C) We plan to water only at night. It’s basically useless to do it during the day, because it would evaporate too quickly for the dirt to get a good soak. Plus any watering when the sun is out could burn leaves, and hurt the plant.

And that’s our plan! Keep posted, as we learn together what works – and what doesn’t.

Desert gardening

It’s spring! Well, at least it’s starting to feel a lot like it here in Arizona. We’ve had an unseasonably warm winter thus far.

And so, my partner and I have decided to FINALLY break open the boxes of raised beds I had bought several years ago, shovel out some of our compost dirt that I’d been working on (ongoing) for at least three years, buy some good organic dirt from a local nursery, and finally plant some organic food and herb seeds I’d had lying around the house for years.

My dream of a garden has been held off for so long, because I have been trying my luck with small projects first. But my first few projects did not bode well. My first ivy houseplant died due to an infestation of spider mites (which, I’ve learned, they’re prone to here in the desert). The subsequent ivy also died… mysteriously. My first tomato plant and pepper plant I bought just withered before my eyes once the scorching summer hit. My first two potted seed-start experiments were utter disasters.

It looked hopeless.

But about six months ago, my partner and I bought each other houseplants as housewarming gifts. Those two houseplants have grown to six (and counting!) and are thriving! So, my dream of being able to play in the dirt and dote like a proud mother on strong green plants may soon be a dream come true. I hope to be able to share with you the triumphant stories of my harvests in the next few months.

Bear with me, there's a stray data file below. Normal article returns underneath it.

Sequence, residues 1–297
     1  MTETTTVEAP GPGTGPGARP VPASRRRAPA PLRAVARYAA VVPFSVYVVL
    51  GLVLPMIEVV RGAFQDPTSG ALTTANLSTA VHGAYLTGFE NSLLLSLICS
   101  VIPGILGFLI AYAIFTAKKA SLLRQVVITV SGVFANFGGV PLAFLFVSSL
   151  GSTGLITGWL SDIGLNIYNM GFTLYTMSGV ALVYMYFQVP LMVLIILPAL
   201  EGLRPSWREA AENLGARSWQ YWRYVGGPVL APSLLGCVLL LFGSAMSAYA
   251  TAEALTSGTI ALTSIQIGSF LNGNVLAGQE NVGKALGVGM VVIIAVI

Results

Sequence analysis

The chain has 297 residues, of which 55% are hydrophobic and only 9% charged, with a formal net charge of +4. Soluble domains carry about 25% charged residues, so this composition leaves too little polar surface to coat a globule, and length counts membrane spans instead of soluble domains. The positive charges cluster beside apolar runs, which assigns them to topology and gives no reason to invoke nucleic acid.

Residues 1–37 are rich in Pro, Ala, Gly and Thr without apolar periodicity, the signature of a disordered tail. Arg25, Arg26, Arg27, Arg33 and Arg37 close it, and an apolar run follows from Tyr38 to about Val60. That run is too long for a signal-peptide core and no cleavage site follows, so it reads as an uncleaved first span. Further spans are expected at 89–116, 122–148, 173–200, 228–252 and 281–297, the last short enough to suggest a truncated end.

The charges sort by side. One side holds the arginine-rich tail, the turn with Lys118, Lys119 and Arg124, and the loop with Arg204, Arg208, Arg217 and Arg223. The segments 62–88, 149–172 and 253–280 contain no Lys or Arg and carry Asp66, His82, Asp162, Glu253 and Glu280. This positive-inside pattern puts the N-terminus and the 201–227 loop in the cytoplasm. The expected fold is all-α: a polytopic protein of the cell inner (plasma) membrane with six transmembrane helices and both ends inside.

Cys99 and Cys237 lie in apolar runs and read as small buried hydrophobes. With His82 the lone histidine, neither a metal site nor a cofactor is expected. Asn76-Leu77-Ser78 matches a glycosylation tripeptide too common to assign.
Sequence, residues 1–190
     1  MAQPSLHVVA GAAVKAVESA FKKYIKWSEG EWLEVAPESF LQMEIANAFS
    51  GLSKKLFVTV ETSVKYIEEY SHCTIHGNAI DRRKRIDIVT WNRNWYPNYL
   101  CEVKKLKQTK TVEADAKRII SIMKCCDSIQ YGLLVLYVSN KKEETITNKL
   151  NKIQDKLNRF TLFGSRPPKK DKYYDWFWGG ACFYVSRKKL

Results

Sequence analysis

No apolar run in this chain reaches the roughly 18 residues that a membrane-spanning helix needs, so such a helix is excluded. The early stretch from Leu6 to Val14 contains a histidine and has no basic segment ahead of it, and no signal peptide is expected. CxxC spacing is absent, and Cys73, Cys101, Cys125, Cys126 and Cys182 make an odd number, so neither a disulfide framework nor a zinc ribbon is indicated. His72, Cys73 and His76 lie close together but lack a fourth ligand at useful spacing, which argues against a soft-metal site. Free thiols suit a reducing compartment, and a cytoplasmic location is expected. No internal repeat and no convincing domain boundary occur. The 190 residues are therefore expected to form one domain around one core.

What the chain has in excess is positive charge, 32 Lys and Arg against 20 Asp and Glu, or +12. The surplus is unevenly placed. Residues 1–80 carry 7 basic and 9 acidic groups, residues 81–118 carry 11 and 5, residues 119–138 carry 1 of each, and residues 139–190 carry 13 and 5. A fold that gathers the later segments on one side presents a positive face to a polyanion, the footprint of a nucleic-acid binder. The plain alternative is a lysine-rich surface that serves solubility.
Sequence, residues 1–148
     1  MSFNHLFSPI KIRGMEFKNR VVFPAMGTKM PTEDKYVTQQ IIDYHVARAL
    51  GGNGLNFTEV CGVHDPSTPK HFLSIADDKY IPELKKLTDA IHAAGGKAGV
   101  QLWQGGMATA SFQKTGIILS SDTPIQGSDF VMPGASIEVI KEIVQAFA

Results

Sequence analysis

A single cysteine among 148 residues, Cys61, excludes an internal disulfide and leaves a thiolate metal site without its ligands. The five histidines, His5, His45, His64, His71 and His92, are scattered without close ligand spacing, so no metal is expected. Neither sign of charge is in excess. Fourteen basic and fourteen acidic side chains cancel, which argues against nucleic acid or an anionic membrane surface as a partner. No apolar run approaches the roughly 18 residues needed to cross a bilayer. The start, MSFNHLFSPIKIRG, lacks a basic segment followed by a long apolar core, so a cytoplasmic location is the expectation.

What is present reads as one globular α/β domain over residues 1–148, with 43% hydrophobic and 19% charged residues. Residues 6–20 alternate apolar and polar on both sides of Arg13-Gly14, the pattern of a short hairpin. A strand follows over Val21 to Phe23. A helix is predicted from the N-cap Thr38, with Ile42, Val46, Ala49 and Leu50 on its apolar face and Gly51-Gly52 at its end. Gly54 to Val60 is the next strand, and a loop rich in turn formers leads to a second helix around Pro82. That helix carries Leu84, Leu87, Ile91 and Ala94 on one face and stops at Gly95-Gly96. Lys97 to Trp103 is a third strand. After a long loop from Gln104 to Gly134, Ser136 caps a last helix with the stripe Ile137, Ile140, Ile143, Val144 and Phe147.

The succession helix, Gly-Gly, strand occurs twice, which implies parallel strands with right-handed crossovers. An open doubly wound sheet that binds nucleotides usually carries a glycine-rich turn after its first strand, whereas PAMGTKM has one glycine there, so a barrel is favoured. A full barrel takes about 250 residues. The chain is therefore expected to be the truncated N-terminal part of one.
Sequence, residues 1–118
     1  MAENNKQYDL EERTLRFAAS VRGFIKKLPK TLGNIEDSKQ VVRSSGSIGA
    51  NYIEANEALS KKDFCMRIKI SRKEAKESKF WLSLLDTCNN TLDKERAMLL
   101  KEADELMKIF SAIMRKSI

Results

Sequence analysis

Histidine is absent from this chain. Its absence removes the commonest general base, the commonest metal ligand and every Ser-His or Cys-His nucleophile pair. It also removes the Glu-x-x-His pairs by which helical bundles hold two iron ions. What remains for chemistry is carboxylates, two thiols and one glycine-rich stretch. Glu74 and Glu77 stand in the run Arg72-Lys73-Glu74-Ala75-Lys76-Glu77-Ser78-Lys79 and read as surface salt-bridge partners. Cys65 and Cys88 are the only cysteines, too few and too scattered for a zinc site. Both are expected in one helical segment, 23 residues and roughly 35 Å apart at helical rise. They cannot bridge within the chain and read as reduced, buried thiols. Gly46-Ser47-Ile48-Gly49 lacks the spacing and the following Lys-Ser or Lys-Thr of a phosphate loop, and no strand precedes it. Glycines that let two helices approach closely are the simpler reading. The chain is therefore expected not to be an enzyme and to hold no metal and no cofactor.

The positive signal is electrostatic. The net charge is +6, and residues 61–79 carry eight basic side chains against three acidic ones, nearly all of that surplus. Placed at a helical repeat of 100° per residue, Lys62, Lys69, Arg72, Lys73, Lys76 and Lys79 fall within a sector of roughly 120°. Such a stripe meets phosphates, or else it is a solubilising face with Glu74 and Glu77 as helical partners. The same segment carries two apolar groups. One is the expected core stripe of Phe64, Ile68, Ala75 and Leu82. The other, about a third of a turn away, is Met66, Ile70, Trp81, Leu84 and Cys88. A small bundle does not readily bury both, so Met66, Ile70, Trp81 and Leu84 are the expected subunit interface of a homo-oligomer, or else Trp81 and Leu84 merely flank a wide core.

We planted spinach, tomatillos, beefsteak tomatoes, and cucumbers in one of the raised beds, and herbs in the other such as cilantro, chives, basil, rosemary, catnip, sage, parsley, and lemon balm.

And to think, it all started with a compost bin and some horse manure – and a dream.

Keep posted, as I provide updates on the pitfalls and prideful successes this new adventure in gardening provides! Eat clean, locally, and well, everyone.

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Want to start your own compost? Here are some basic tips.

Composting basics

Gardens are a great way to help lower your grocery bill, get you moving around for some physical exercise, and provide a sense of pride that, “Hey, I grew that!” It’s simply satisfying. And one way to ensure that a garden grows to its fullest potential is to fertilize it with a layer of composted dirt. Want to start a compost bin of your own? Here are some tips.

Compost being spread over dirt in a raised bed.
Compost being spread over dirt in a raised bed.

What to put into your compost:
– Fruit and veggie scraps, peels and rinds
– Coffee grounds and filters
– Tea bags and tea leaves
– Used paper napkins, plates (no waxy coating) and paper towels
– Newspaper and other non-colored paper with only black print (no colors!)
– Plain cooked pasta or rice
– Stale cereal, bread, and crackers
– Olive pits, nut shells (not walnuts)
– Wine corks
– Toothpicks and bamboo skewers
– Shells (eggs and crustacean)

What NOT to put into your compost:
– Meat or fish
– Bone
– Dairy products
– Grease
– Animal/human waste
– Weeds, diseased plants, roots
– Charcoal ash
– Plastic or glass

It doesn’t hurt to mix organic dirt or organically produced livestock manure for a good base as you build the rest of your compost. And it’s helpful to have a nice balance of wet (veggies, plants) with dry (coffee grounds, paper) materials.

Good luck, and enjoy your fresh dirt and future gardens!